LCDs (liquid crystal displays) adjust the amount of light that passes through each liquid crystal layer. LCDs are thin and light and have a low refresh-rate flicker. The downside is that the viewing quality is not that good compared to OLED displays, especially in direct sunlight and in high temperature environments.

OLED (organic light emitting diode displays) and AMOLEDs (active-matrix light emitting diode displays) emit light directly, therefore the contrast ratios are very high. The display's response time is also much faster than in the case of LCDs. However, because OLED and AMOLED displays use organic materials, the viewing quality tends to decrease faster in time.

The size of the display is a matter of personal preference. A larger display means a larger viewing area but it also increases the overall size of the device, making it less portable. Samsung Galaxy View, for example, has a 18.4 inches display and it's one of the largest tablets available. A smaller display is definitely a plus if you are looking for portability. The average screen size for tablets is 9.1 inches.

Other important factors are resolution and pixel density. The screen resolution determines the clarity and sharpness of images. Pixel density refers to the number of pixels per inch displayed on the screen and it depends on the screen resolution and screen size. The higher the resolution, the higher the pixel density will be if the screen size is constant.


Battery life is very important if you want to be able to use your device without worrying that it might shut down. This is important particularly for people on the go. Finding a socket while travelling is nothing short of a miracle. Even if you’re at home most of the time, with sockets everywhere, would it be really okay for you to be stuck in one place? Battery power is measured in milliampere-hour (mAh) and determines how long your device can last on one charge. However, this also depends on how energy efficient the tablet is. Typically, tablets can last from around 4 to 10 hours if used continously under moderate load.


There are numerous options when it comes to processors. The most important mobile processor manufacturers are Qualcomm, MediaTek and Intel. A processor’s performance can be loosely determined by the total clock speed. More cores combined with higher clock speeds would mean better performance, although it would still depend on the particular circuit design of the processor, process size and other many other factors. So the best way to test the performance of a certain tablet is to run the most demanding applications on it, such as 3D games or video editing. Simple web browsing cannot push the processor to its limits, so be sure to test the tablet using the most processor-intensive applications that you intend to run in the future and make your decision based on that.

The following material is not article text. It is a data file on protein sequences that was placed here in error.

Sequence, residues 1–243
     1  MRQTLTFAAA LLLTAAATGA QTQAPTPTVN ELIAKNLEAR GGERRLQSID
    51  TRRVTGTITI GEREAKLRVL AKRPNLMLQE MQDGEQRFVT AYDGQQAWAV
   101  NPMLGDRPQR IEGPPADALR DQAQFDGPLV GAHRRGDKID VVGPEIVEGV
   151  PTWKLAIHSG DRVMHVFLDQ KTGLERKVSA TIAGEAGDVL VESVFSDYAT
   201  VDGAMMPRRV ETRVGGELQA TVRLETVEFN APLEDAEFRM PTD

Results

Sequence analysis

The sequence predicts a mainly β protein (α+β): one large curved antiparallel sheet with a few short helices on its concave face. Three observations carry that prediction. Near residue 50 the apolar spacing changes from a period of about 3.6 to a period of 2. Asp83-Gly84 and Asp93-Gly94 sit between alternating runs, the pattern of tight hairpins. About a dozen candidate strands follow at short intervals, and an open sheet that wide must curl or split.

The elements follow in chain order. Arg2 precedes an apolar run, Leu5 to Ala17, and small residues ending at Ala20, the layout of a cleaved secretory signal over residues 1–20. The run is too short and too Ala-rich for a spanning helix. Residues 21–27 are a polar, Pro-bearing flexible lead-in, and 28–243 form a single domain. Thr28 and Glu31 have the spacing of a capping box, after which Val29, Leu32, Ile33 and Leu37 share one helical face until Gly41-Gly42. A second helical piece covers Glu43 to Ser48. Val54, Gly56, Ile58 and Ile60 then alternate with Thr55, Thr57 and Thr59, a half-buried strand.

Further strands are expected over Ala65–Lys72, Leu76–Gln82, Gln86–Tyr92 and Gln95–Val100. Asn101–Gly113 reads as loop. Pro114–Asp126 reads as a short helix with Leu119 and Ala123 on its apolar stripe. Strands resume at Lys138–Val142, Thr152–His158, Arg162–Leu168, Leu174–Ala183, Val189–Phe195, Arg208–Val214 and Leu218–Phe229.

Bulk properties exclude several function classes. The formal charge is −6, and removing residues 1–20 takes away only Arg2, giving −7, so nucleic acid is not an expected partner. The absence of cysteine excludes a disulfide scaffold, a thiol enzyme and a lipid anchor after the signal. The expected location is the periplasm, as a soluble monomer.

Operating System

There are three operating systems (OS) being used in tablets. Android, iOS and Windows. Android is by far the most popular OS worldwide, just like in the case of smartphones. 

Android is a mobile OS developed by Google. It is open-source and, in principle, anyone with the proper knowledge and skills to modify the system can do so. Samsung for example, is well known in installing heavily-modified Android systems on their devices. Android is best known for its customizability and flexibility.

iOS was developed by Apple for their iPhones and iPads. Unlike Android, the source code cannot be modified, so the system is more unitary. Some common pros for iOS are the enchnaced security features and ease of use.

Windows is the least common OS on tablets, though there are still many devices running on Windows. Take note though that there are two kinds of Windows OS, Windows for ARM devices and Windows for x86 devices. Windows for x86 allows the installation of third-party desktop applications, those that are normally installed on laptops and desktops. With Windows for ARM on the other hand, users are limited when it comes to installing applications, as they have to choose only apps from the Windows Store. There is a limited number of applications in the store, although Microsoft is partnering with app developers to catch up with Android and iOS. Most processors used in tablets are made using the ARM architecture. Consequently, most tablets use Windows for ARM.